One more time

has another claim to fame. Every year, sundry folkies and faded hippies gather here for a summer folk festival - and to welcome another reunion of British folk-rock veterans, Fairport Convention.

I've always enjoyed the Fairport's music - Liege and Lief is still one of my favourite albums, even if the vinyl is almost worn smooth with playing - and I still recall fondly the gig when Dave Swarbrick fell off the stage, drunk as a skunk, still fiddling away.

In April 1999, the Daily Telegraph published a glowing obituary for Dave Swarbrick. At the time, Mr. Swarbrick was recovering from a serious illness, in a hospital in Coventry. When he read the obituary, Dave said, "Ah, well - it's not the first time I've died in Coventry."
But I've also felt a special sort of affinity with them. You see, I used to live in Muswell Hill, in London. Every day, I would pass by a big white house on the corner of Fortis Green and Fortis Green Road. The house was called Fairport. That was Simon Nicol's family home, and that was where the band "convened".

In those days, they must have been just a bunch of enthusiastic kids, never imagining they would make it in the music business - especially with their dreadfully-unfashionable "folk" music, even if they did mix it with a rock beat.

They must have thought it was all over when a horrendous motorway accident killed two of their number, and seriously injured the rest of the band (that evening, DJ John Peel devoted his entire show to Fairport Convention, believing that the entire band had been wiped out). But they re-emerged with a new line-up (featuring the truly wonderful Sandy Denny), and then another line-up, and then another.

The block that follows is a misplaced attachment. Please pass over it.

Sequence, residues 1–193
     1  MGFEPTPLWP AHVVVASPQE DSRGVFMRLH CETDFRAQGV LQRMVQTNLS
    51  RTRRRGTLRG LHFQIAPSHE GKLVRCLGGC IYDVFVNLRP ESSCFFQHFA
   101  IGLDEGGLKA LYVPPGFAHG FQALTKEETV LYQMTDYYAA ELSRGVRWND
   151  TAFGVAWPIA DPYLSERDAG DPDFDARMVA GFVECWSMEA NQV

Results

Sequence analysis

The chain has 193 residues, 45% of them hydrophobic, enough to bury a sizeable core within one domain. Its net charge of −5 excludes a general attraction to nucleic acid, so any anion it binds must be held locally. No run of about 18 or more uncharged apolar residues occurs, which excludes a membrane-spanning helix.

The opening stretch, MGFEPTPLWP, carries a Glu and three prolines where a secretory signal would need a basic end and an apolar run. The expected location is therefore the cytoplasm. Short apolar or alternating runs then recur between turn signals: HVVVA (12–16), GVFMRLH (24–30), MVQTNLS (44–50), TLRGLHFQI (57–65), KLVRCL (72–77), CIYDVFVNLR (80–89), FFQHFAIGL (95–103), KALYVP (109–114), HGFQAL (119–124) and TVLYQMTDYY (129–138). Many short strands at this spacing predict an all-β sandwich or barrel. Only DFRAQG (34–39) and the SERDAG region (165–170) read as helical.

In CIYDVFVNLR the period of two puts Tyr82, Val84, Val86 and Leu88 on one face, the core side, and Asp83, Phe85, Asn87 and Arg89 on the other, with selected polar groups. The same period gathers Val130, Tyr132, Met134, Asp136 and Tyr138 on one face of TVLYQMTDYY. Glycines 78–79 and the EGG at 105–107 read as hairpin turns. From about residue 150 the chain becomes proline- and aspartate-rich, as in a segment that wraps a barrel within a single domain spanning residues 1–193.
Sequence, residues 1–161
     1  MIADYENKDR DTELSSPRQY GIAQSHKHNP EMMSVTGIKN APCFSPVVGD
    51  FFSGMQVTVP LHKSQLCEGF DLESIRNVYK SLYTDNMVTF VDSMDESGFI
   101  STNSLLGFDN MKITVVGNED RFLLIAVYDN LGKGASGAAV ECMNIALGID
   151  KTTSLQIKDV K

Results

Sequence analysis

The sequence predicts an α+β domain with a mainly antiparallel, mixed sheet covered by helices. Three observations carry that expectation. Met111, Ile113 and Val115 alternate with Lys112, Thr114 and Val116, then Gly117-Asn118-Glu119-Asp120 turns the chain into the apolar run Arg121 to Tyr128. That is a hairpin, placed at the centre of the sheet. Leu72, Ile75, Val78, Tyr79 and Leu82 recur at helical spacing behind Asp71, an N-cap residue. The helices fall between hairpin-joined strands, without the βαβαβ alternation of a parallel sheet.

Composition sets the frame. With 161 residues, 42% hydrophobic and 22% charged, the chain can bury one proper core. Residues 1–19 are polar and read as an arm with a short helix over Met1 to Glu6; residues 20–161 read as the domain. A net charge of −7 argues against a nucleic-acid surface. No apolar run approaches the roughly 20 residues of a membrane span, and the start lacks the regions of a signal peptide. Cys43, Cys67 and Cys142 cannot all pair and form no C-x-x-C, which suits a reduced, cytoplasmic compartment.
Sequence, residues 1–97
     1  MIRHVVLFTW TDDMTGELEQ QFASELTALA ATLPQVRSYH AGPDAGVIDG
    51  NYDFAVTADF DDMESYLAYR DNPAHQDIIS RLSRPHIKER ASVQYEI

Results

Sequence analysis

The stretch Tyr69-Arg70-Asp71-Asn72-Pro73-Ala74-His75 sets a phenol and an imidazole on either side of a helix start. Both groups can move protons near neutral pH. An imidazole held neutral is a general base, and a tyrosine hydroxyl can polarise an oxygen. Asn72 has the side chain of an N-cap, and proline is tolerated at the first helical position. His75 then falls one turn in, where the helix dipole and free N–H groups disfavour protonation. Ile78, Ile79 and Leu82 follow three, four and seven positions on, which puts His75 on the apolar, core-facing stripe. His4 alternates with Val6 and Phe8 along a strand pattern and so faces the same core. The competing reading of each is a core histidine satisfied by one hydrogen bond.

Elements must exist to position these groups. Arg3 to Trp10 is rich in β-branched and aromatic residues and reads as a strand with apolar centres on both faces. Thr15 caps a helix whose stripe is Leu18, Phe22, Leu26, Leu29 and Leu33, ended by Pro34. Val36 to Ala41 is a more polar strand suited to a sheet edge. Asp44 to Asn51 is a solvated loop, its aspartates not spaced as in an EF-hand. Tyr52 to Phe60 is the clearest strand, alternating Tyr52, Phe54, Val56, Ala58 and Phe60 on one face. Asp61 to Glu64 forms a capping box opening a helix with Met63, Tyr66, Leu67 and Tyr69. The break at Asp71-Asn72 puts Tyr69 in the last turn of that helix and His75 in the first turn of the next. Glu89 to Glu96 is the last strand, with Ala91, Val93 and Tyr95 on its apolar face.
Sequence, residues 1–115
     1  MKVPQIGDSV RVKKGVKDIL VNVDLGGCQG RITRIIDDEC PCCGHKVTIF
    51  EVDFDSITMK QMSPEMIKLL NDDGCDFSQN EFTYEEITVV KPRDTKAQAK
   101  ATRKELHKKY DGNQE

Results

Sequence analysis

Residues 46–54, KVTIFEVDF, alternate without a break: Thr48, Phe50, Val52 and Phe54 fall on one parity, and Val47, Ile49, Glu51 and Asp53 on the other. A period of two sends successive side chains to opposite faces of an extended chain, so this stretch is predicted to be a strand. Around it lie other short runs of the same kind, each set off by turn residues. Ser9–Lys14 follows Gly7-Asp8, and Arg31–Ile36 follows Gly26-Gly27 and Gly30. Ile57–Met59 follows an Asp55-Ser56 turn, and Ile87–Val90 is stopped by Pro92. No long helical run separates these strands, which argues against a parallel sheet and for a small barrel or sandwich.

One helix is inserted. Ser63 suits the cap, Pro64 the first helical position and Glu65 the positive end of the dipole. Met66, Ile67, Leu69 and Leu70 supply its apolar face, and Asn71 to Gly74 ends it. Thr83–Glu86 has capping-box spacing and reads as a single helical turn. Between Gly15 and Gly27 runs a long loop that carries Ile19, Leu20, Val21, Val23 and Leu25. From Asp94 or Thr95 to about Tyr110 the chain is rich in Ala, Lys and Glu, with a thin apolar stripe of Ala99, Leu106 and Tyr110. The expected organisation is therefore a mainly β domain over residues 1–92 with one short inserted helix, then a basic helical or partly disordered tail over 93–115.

In fact, the Fairports went through so many permutations, that artist Pete Frame had to create a huge family tree to try and keep track of them all - eventually managing to make a career out of rock family trees.

Eventually, the remaining Fairports finally called it a day, and disbanded. Not long after, tragedy took Sandy Denny (who had left the band some time before the end). Her death was most unfitting for a rock legend. No plane crash, no drug overdose, no crazy fan - poor Sandy had the most banal of deaths - she fell down the stairs.

The remaining Fairports found themselves other bands, or faded back into normal life, but a hard core of fans wouldn't let them go. After persistent pressure from them, in the early eighties, the remaining players gave in and held a Fairport Convention Reunion at Cropredy - a one-off event.

But everyone enjoyed it so much, that they did it again, and again - and they're still doing it now. The Fairport family is augmented by a series of top-line folkie acts, and the event has evolved into a full-blown folk festival. If you want to know more about future plans, follow the links on the left to websites maintained by stalwart fans.

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